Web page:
A few days ago, I posted something here about the City having shut down our local used bookstore, Cross Street Books. While acknowledging that there were certainly issues with the peculiar, little store, which has always been both painfully crowded and comically unsafe, I lamented the fact that, without them, our Ypsilanti would be without a bookstore. While a few in the community, like local librarian Ben Miller, came forward to suggest that we band together to help the owner bring his shop back up to code, others offered different solutions, the most interesting of which came from former Ypsilanti City Planner Richard Murphy, who suggested that we instead come together to open a cooperative bookstore.
“I appreciate the can-do spirit of Benjamin Miller here, but, like others, my own experience also makes me pessimistic that the aid would be accepted or effective, sadly,” said Murphy. “If you wanted to start a cooperative bookstore, though, and buy Cross Street Books’ stock (and maybe move it down the street to the much more habitable and currently vacant Cross Street Station space), I’d buy a member share.”
Then, making things a little more interesting, local landlord Stewart Beal joined the conversation, offering a long-term lease at what he described as favorable terms, should a group come together to make such a thing happen. “I would offer 206 W. Michigan in downtown Ypsilanti to such an endeavor for low long term rent,” said Beal. “It is 1,700sf on the 1st floor and 1,700sf in the basement. Just think of how many books you could fit in there!”
The first floor space, which, back in the 90′s, was home to Ypsilanti’s legendary Green Room, has been vacant for several years now, and it makes sense that Beal would want to get someone moved in. Of course Beal’s idea of “low long-term rent” may not be low enough to make such an endeavor a possibility. I think, however, that it’s probably at least worth looking into, assuming people like the idea. And, toward that end, it looks like there may already be a little traction. Just today, community activist and local coop advocate Lisa Bashert came forward to say that, if this were to happen, she’d not only buy a share, but work there. So, as of right now, we’ve already sold four shares, and have one person to work in the store. (Stewart, Murph and Lisa all said that they would buy membership shares, as would I.)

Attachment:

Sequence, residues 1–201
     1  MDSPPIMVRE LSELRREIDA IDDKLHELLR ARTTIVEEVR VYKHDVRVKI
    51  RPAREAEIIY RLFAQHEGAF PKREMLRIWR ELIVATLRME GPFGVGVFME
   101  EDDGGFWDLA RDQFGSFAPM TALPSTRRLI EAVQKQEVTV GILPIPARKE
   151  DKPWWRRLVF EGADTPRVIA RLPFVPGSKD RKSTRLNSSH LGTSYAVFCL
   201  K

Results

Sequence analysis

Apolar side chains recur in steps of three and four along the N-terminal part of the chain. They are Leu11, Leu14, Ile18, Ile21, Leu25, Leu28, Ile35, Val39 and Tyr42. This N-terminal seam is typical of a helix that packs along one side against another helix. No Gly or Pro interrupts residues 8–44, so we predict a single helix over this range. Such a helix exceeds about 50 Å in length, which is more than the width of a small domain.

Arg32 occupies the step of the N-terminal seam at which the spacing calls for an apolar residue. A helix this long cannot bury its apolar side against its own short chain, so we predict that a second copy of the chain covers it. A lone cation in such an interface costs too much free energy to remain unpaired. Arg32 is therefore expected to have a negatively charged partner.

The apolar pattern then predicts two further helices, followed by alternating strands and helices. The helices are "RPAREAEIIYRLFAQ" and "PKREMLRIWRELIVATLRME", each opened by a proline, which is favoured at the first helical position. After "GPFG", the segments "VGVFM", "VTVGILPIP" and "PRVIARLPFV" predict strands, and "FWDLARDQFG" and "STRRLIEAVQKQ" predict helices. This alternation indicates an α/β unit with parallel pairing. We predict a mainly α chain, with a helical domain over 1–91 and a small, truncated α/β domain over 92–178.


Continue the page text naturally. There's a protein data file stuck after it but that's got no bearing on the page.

So, where does this leave us? Do folks think that public meeting might be in order? Given a big project that I’m working on at the moment, I’m not in a position to take an active role, but I’d be happy to volunteer a few hours, and help promote the concept, if people think that there’s potential… So, if you have thoughts, please leave a comment or two. I’d be especially interested to hear from folks who might have firsthand knowledge of successful bookstore cooperatives, like Seminary in Chicago, The Big Idea in Pittsburgh, and Rainbow in Madison. I’m curious as to how they’re structured, and what we might be able to learn from them… And, of course, I’d like to know whether you might shop at local book cooperative, or, better yet, contribute your time and energy toward making it happen.